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Dolly Parton to Read Children's Books at Bedtime Beginning Thursday, April 2

Dolly Parton to Read Children's Books at Bedtime Beginning Thursday, April 2

Dollywood and Abramorama, in association with The Dollywood Foundation, announced that Dolly Parton will read select children’s books from her Imagination Library each Thursday evening beginning on Thursday, April 2, at 7 p.m. EST. For the next 10 weeks, “Goodnight With Dolly” will feature Parton reading books that have been specifically chosen for their appropriate content at this unique time.


Additionally, the Imagination Library documentary that was scheduled to premiere, will now open the week of Sept. 21 to commemorate the 25th anniversary of Dolly Parton’s Imagination Library. The Library That Dolly Built tells the story of how the Imagination Library has gifted more than 135 million books to children since its inception in 1995. The program—part of The Dollywood Foundation—currently gifts books to 1.5 million children around the world each month.


During each week’s “Goodnight With Dolly,” the entertainment icon—who is better known as The Book Lady to millions of children around the world—welcomes viewers and introduces the title, author and illustrator of the featured book. Snuggled in bed with her Imagination Library book, Parton will read each story in her own signature style.



The books featured in the series include: “There’s a Hole in the Log on the Bottom of the Lake” by Loren Long; “Llama Llama Red Pajama” by Anna Dewdney; “I Am a Rainbow” by Parton; “Pass It On” by Sophy Henn; “Stand Tall, Molly Lou Mellon” by Patty Lovell; “Violet the Pilot” by Steve Breen; “Max & The Tag-Along Moon” by Floyd Cooper; “Last Stop on Market Street” by Matt de la Peña; “Coat of Many Colors” by Parton; and her favorite book, “The Little Engine That Could” by Watty Piper.



The stories will be read across the social channels for the Imagination Library, Dolly Parton’s personal sites, the World Choice Investments family of attractions, and The Dollywood Company. The readings will be Dolly’s personal gift to all families. Her hope is that families will be inspired by her message to pass on love and keep hope alive as we all work together during this time.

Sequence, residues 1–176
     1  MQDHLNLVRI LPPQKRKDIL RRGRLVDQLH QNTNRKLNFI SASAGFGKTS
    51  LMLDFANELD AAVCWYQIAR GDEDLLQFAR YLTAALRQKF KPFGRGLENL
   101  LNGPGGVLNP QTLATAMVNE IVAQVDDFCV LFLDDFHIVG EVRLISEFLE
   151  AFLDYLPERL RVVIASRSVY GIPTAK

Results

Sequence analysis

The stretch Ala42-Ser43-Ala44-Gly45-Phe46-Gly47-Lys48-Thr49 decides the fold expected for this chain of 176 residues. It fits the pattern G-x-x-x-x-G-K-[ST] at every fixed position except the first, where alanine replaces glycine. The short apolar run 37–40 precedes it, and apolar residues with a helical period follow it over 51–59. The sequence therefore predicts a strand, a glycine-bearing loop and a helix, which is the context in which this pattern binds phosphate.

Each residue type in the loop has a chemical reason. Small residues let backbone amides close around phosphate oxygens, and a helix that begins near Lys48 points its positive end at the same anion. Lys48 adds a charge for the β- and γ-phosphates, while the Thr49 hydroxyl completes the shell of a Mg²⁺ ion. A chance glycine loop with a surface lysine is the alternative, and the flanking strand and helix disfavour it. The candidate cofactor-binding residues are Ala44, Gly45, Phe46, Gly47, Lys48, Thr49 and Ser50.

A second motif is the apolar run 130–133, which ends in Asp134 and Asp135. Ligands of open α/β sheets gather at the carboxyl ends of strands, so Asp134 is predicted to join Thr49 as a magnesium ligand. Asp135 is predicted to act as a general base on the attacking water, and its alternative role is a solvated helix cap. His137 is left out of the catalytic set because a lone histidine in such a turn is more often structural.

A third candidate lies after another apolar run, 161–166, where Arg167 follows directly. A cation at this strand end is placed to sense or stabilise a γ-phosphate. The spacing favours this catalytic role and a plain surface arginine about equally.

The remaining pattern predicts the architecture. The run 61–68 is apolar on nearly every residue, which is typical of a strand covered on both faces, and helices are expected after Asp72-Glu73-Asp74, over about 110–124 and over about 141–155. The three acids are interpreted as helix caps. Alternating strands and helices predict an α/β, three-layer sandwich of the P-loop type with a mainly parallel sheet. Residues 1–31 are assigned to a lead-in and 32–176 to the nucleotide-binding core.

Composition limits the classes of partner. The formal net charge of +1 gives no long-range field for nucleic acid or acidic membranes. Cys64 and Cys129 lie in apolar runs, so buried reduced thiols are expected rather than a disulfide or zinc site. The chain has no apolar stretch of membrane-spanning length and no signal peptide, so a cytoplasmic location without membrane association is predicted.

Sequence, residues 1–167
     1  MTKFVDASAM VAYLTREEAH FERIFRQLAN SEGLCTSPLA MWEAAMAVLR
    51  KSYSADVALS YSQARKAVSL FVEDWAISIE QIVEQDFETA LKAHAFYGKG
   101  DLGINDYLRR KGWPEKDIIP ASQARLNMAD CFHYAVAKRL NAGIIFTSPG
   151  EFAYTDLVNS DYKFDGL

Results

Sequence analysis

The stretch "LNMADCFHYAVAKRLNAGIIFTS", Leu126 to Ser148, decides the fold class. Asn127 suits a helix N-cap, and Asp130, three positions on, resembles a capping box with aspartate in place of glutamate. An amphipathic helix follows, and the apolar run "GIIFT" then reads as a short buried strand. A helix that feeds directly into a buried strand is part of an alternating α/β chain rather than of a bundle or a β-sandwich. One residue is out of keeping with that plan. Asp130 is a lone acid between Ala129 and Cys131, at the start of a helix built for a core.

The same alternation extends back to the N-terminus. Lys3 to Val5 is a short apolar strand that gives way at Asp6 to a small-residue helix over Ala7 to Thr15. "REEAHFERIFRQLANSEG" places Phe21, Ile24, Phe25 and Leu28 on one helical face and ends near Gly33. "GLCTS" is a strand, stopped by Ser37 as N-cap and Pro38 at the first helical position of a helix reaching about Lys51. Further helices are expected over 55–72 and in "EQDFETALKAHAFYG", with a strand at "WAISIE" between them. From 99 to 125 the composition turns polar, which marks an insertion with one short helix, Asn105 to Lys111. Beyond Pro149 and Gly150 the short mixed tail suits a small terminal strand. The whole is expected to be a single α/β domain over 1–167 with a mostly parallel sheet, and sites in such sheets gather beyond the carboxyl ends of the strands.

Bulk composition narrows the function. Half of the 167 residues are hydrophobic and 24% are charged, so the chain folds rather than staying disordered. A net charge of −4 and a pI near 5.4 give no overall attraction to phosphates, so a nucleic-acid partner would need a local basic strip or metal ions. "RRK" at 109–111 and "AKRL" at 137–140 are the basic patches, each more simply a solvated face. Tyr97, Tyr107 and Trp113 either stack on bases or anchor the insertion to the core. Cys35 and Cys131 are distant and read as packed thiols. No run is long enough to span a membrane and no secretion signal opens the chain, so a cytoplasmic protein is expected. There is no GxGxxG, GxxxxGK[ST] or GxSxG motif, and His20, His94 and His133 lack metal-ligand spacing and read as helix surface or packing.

“This is something I have been wanting to do for quite a while, but the timing never felt quite right,” she explained. “I think it is pretty clear that now is the time to share a story and to share some love. It is an honor for me to share the incredible talent of these authors and illustrators. They make us smile, they make us laugh and they make us think."



Regarding the film’s release, she adds, “Although it was the right thing to do, postponing the screening of our documentary was a disappointment. So many of our Imagination Library affiliates had organized events around the nationwide screenings; however, things do have a way of working out, so the documentary will still have its day.”



The Library that Dolly Built, directed and produced by Nick Geidner, journalism professor and director of Land Grant Films, and narrated by Danica McKellar, goes behind-the-scenes of the literacy-focused non-profit, Imagination Library, to show how one of the most famous and beloved performers in the world has developed an efficient and effective program for spreading the love of reading.



Dolly Parton’s Imagination Library started as a gift for the children in Dolly’s hometown, Sevierville, Tennessee, and is now active in all 50 states and five countries. The film also provides a glimpse of the profound impact the Imagination Library has on the people through original interviews with authors, policymakers, Imagination Library staff, recipients, and the legend herself, Dolly Parton. Woven throughout the film is a biographical sketch of Dolly Parton, featuring rare photos and films from her childhood. Unlike most biographies of Dolly, it doesn’t focus on her music. Instead, it demonstrates that at every point in her career, any time she has had success, Dolly Parton has come back to Sevierville to give back to her people.



About The Dollywood Foundation


The Dollywood Foundation was created in 1988 by Dolly Parton to inspire the children in her home county to achieve educational success. Initial efforts focused on decreasing the dropout rate in the county’s high school. In the early 90’s Dolly promised every 7th-grade and 8th-grade student she would personally give them $500 if they graduated from high school. This effort, called the Buddy Program, reduced the dropout rate for these two classes from 35% to 6%. More importantly, the program catalyzed the community to provide additional resources to sustain this improvement in the dropout rate. In 2016, The Dollywood Foundation led Dolly's efforts to assist families who lost their homes during the devastating wildfires which swept through her home county. The Foundation's My People Fund distributed more than $12,000,000 in direct assistance to more than 900 families in Sevier County. For more information, visit dollywoodfoundation.org.


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